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Monday, May 14, 2012

Guest Post: Things to do/experience while visiting India

For most travelers, a business visit or a vacation to India will be one of the most memorable experiences of their lives while at the same time being something of a culture shock. Be prepared for the contrast between the modern face of the thriving commercial India, and the abject poverty of some of the population that you will see all around you as you travel. You may well be shocked at seeing beggars in the streets. That having been said a visit to India can be a rewarding and a remarkable experience. I have been twice now and I would recommend a visit to anyone. India is vast, with a very large population, and lives up to its reputation for being extraordinary in many ways. Wherever you choose to visit in India, your trip is sure to be filled with exotic flavors, colors, sights, and sounds.

Preparation and safety tips
When you travel to India you are visiting a culture that is exotic and alien to you, and the trip will require some preparation if it is to be a success. Book your accommodations in India well in advance and check the local weather for the time of year to avoid the monsoon season if possible.

Once you arrive it is necessary to remember that, even though many hotels are modern and attractively decorated, you should still take some precautions with regards to health and hygiene. The tap water in particular should not be trusted; bottled water is generally easy to find, and should be used for drinking and brushing your teeth.

As a general rule of thumb, it is best to avoid the food sold by the street vendors. Additionally, as is the case elsewhere, the water in restaurants should be bottled and should be opened at the table. It is also a good idea to carry a supply of disinfecting wet wipes to use before eating. One interesting side note: the local custom is to use only the right hand for handling food, as the left hand is considered unclean and therefore unsuitable.

There are a number of things to do and experience in India that will help to make any trip to this enchanting land a memorable one. Here are just a few suggestions:

Visit the Taj Mahal
Perhaps the most famous and iconic destination in all of India is the Taj Mahal. Located in the city of Agra, a visit here is well worth the effort regardless of the part of the country you spend the majority of your trip visiting. Visitors walking in the grounds will admire the beauty and symmetry of this massive marble tomb. It was built by the Emperor Shah Jahan in memory of his third wife, and was completed in 1653. A UNESCO World Heritage Site, the Taj Mahal lives up to its reputation as one of the Wonders of the World.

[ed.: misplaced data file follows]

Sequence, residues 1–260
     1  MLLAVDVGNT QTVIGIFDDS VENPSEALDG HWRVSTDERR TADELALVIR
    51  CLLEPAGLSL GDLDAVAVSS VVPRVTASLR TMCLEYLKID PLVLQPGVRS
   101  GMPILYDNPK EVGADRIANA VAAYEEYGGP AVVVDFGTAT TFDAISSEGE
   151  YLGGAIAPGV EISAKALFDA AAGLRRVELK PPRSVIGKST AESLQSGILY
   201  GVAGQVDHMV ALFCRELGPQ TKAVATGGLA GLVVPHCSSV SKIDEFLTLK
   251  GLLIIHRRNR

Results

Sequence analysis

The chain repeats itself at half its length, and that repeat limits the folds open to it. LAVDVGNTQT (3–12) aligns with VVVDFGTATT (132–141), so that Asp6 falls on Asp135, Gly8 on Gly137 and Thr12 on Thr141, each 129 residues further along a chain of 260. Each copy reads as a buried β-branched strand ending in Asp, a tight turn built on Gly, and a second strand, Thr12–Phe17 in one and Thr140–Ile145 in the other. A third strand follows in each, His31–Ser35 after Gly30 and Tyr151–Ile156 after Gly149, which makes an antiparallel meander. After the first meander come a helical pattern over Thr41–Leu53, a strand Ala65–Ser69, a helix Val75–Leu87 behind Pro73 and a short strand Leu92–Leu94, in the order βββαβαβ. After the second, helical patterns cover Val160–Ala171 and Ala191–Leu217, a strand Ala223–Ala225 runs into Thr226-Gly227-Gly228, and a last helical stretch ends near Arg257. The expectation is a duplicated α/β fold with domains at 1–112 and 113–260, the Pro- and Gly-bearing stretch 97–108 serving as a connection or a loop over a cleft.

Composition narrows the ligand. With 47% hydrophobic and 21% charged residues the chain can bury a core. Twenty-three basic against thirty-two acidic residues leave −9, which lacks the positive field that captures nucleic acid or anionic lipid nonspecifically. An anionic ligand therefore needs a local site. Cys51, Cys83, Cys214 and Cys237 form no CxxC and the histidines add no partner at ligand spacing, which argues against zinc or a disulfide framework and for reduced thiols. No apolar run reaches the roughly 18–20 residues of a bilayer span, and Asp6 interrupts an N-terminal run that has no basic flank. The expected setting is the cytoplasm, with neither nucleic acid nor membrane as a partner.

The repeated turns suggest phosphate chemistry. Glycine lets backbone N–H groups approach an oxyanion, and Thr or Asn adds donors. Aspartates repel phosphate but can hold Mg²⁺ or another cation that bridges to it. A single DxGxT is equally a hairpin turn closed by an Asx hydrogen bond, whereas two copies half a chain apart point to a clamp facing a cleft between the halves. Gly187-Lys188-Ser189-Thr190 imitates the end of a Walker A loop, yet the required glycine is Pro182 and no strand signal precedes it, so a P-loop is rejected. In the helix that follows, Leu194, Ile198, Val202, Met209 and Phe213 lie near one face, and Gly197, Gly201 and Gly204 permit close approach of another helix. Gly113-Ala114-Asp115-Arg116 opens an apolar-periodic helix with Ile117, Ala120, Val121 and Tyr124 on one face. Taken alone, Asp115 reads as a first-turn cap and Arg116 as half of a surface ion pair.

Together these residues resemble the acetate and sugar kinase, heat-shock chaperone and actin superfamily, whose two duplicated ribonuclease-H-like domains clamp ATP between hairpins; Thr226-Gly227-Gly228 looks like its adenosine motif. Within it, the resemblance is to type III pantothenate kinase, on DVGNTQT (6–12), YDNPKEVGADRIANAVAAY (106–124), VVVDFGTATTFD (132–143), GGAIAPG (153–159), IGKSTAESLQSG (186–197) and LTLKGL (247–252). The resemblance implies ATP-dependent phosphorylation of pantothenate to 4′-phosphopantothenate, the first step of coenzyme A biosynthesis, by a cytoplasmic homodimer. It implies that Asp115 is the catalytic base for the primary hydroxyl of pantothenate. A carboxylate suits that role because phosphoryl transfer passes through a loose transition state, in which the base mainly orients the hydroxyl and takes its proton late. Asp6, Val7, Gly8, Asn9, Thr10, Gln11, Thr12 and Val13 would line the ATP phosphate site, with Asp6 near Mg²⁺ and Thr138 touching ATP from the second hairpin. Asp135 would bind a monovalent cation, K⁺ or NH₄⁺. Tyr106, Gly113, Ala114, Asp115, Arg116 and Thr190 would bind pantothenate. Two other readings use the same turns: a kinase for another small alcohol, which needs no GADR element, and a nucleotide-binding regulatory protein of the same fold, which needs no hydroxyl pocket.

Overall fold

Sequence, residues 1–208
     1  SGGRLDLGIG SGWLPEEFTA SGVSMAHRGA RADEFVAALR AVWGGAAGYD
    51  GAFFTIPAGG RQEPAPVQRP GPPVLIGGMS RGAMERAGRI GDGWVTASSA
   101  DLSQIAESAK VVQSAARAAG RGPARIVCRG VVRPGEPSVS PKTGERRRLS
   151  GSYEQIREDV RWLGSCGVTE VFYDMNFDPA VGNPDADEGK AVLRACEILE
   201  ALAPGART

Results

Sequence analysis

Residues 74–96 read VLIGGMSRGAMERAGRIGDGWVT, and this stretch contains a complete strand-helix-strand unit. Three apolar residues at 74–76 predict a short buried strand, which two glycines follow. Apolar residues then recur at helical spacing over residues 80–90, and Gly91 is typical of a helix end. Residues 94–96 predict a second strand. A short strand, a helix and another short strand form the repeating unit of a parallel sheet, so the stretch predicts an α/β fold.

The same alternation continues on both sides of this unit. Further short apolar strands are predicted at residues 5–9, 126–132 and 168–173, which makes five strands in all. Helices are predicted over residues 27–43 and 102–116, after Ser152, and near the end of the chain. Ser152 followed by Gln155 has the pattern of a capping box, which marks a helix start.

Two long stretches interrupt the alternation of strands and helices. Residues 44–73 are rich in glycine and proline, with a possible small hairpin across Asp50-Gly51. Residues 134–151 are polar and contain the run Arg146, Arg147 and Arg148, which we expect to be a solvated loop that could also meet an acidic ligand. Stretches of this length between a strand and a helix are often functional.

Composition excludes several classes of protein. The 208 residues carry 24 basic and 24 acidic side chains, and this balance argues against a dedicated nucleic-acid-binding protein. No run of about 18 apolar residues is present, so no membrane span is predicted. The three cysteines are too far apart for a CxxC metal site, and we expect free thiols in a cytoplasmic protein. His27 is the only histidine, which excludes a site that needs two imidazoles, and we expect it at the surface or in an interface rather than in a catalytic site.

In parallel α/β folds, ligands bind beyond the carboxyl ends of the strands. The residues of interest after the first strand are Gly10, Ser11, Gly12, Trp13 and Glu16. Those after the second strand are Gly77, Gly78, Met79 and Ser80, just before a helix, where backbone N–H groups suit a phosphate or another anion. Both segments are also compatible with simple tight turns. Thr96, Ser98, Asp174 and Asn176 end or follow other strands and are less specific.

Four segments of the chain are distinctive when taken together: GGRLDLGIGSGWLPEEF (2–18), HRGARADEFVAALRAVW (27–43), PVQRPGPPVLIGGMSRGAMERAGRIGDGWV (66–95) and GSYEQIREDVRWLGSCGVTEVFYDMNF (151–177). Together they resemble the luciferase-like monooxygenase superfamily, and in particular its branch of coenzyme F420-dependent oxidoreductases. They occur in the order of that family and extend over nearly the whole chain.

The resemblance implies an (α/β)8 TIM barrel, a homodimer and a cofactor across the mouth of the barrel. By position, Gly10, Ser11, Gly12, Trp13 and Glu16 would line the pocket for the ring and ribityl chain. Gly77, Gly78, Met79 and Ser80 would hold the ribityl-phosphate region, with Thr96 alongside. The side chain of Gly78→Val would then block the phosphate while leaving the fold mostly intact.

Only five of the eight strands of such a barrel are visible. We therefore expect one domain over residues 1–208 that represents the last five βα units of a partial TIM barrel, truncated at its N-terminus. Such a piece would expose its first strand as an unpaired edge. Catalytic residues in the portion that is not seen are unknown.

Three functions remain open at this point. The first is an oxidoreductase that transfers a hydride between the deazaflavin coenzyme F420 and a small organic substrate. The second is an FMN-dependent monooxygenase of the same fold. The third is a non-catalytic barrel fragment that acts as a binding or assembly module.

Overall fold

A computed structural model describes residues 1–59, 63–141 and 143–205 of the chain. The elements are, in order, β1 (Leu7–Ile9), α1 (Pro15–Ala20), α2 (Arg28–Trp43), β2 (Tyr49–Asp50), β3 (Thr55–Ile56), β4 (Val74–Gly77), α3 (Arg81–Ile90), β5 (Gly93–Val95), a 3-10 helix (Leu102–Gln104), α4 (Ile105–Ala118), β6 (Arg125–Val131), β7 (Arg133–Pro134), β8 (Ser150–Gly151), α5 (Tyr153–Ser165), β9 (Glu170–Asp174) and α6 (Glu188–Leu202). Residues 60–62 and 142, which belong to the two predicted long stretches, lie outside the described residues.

See the Golden City
When visiting western Rajasthan, heading through the sand dunes on a camel-trek will eventually bring you to the city of Jaisalmer. Known as the Golden City, Jaisalmer is home to a spectacular walled fortress that dates back to 1156 AD; the sunset over its centuries-old walls is a feast for the senses.

Experience Jaipur
If you like elephants then you will need to head for Jaipur, where these giant creatures are trained to ferry visitors up the hill to the castle. The ride is unforgettable, and the castle itself is well worth the visit. It is also quite common to catch sight of a local mahout – or elephant rider – riding an elephant through the city center. There are a number of other areas in India where elephants are ridden through the streets, including in the south-west state of Kerala.

Visit the Golden Temple
For adventurous travelers the Golden Temple, or Harimandir Sahib, which is located in Amritsar in the Punjab, is a rewarding and awe-inspiring sight. Located in a distinctive and enchanting part of the country, the current incarnation of the Golden Temple was finished in 1764 and is known for the gold plating and marble of its exterior, and the massive frescos and assortment of gemstones that decorate the interior.

Attend a festival
India is home to hundreds of festivals, and regardless of when you visit; the odds are that some of the locals will be celebrating a local deity or an historic event. For example, Diwali is a five-day festival that takes place in late October or early November each year; called the “Festival of Lights”, it is known for its spectacular fireworks. Holi is known as the “Festival of Colors”, and is celebrated in March each year.

This article has been written by Sam Black, a freelance travel writer.

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